In his lawsuit, Corniel mentions a second incident, involving two bank tellers and a customer who allegedly defrauded the bank of $256,000 in April and May 2005. Corniel said he filed reports with federal regulators and law enforcement officials, including the FBI, the Office of Thrift Supervision and the Federal Deposit Insurance Corp.

But bank officials recharacterized the losses as expenses or charge-offs and his immediate supervisor told Corniel that his filings with federal authorities could cost him his job, the lawsuit claimed.

For more, GO TO > > > Behind the Blinds at American Savings


June 26, 2006

Just say ‘no’ to HECO’s addiction to oil

Commentary by Cynthia Thielen, The Honolulu Advertiser

Hawaiian Electric Co. is asking the Public Utilities Commission for authority to build another fossil fuel-fired plant (Honolulu Advertiser, June 19). And a June 21 editorial says this should be the last one.

Hawai’i’s consumers lose if HECO is allowed to build this oil-driven power station. Because HECO has dragged its heels on moving to renewable sources of energy, it now cries “wolf” and claims it needs this new fossil fuel plant to provide power to O’ahu residents and businesses.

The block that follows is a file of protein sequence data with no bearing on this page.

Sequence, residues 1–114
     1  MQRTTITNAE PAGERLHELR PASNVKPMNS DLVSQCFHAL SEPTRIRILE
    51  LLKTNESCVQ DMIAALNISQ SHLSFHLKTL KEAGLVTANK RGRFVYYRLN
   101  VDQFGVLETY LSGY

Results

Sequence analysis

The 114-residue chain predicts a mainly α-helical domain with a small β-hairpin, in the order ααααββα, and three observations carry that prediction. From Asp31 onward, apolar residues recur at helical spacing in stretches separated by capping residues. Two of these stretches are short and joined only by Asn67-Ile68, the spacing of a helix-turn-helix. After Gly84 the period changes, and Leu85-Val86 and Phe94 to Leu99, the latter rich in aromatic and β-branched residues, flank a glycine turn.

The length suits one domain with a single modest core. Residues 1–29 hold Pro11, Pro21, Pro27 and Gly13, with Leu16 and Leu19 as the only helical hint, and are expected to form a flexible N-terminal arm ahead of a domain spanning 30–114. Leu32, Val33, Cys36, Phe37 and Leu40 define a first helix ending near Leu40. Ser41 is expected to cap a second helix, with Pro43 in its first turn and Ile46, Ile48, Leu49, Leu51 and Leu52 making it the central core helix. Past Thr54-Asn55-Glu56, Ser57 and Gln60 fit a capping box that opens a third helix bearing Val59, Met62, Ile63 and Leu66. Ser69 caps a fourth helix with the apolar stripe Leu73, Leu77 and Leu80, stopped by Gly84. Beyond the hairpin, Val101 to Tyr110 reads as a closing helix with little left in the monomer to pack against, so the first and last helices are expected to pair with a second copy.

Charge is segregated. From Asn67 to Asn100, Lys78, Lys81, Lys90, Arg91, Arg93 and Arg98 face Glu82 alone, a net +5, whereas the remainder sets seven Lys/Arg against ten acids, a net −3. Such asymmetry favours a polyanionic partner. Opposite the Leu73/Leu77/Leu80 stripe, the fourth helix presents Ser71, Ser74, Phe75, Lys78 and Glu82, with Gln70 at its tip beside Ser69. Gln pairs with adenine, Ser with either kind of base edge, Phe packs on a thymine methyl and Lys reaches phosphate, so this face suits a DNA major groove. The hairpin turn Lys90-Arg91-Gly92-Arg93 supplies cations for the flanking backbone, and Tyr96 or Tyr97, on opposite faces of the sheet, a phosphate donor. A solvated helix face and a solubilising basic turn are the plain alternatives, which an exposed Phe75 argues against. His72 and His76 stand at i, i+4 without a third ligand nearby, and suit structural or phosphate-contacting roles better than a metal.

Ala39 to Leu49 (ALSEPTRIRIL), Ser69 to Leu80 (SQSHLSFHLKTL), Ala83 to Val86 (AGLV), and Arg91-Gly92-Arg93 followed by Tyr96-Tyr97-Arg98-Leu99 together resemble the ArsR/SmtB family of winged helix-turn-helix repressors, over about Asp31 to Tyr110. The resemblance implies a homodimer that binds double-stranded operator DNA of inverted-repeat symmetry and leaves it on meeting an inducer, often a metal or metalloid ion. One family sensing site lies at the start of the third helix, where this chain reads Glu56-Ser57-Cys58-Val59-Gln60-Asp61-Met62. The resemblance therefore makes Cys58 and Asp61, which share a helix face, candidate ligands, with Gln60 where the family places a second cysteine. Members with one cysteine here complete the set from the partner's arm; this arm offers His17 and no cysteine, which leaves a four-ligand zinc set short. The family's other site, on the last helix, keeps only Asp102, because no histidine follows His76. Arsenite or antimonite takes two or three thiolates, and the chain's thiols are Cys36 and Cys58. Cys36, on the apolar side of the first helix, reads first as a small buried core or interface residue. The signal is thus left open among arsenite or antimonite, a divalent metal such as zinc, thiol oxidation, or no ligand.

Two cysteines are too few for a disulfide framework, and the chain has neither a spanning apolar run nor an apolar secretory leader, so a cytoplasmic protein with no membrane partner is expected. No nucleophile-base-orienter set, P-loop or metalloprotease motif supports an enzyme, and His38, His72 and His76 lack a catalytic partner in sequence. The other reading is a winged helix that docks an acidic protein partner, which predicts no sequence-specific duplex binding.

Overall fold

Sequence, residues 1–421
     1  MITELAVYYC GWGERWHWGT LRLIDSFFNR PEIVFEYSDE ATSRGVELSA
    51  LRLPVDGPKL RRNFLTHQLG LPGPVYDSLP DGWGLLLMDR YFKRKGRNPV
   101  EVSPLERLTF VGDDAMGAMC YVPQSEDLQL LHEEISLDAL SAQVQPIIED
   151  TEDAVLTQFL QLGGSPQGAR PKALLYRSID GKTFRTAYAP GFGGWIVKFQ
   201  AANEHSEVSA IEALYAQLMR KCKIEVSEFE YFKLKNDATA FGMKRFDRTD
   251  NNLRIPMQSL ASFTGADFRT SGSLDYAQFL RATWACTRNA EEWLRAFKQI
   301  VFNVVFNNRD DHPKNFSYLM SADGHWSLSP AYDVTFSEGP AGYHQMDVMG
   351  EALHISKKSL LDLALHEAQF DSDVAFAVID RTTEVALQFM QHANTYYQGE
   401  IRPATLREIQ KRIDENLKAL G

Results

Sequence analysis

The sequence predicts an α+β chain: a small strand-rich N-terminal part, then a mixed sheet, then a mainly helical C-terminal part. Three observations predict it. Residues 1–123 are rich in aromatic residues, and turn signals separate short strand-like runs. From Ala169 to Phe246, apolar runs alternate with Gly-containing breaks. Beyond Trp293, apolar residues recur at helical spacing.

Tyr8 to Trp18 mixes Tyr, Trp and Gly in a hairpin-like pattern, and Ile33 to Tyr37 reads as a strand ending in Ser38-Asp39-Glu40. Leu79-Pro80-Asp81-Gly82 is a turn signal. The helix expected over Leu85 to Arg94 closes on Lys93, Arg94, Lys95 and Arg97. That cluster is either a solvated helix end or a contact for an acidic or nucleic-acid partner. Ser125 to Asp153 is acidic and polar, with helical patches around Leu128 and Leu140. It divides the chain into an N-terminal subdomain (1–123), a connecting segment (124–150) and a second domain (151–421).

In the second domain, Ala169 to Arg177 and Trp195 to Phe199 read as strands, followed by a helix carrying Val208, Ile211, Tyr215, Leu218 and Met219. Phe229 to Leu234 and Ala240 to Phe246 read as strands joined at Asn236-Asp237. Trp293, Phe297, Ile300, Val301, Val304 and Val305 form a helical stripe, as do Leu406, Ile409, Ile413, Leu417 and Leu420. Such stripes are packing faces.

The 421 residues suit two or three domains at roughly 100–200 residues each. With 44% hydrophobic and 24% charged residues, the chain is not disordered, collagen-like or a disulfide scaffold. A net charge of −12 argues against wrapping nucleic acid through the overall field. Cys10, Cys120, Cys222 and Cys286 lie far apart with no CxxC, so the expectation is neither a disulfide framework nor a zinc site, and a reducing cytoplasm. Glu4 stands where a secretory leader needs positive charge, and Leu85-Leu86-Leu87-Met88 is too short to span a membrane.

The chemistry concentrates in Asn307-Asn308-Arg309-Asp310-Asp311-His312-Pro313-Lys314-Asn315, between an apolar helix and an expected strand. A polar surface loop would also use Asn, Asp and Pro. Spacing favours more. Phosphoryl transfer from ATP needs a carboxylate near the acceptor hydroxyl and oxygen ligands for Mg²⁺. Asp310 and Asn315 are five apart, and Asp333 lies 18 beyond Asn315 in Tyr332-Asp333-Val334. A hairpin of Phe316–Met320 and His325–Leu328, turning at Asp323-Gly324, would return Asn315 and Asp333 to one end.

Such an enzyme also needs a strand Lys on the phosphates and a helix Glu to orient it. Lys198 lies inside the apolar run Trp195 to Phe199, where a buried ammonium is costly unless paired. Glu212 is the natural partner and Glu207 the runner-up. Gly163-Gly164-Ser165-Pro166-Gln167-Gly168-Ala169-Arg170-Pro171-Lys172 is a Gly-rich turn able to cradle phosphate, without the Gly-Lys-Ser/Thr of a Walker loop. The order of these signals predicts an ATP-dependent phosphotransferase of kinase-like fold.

Wait a minute! What about the vast amount of renewable energy we have in Hawai’i? Wave, wind, solar, and the list goes on.

Do we “reward” HECO for not aggressively pursuing those non-polluting energy technologies by allowing it to stay mired in fossil fuel? Or do we say it is past time for it to stop its oil addiction?

We know the stakes are high. Time magazine’s April 3 cover on global warming headlined to readers: “Be Worried. Be Very Worried.” Fossil fuel power stations burning oil emit large quantities of greenhouse gases that contribute greatly to global warming. It is irresponsible and, yes, even criminal to let HECO continue to add to this world crisis.

Let’s talk about renewable options: The most powerful and commercially available systems use the movements of the ocean to generate power. Called wave energy, this technology is vastly more powerful than wind and solar (but both of the latter still must belong in HECO’s renewable portfolio).

Companies from all over the world are looking into this technology and have found that wave energy is the future.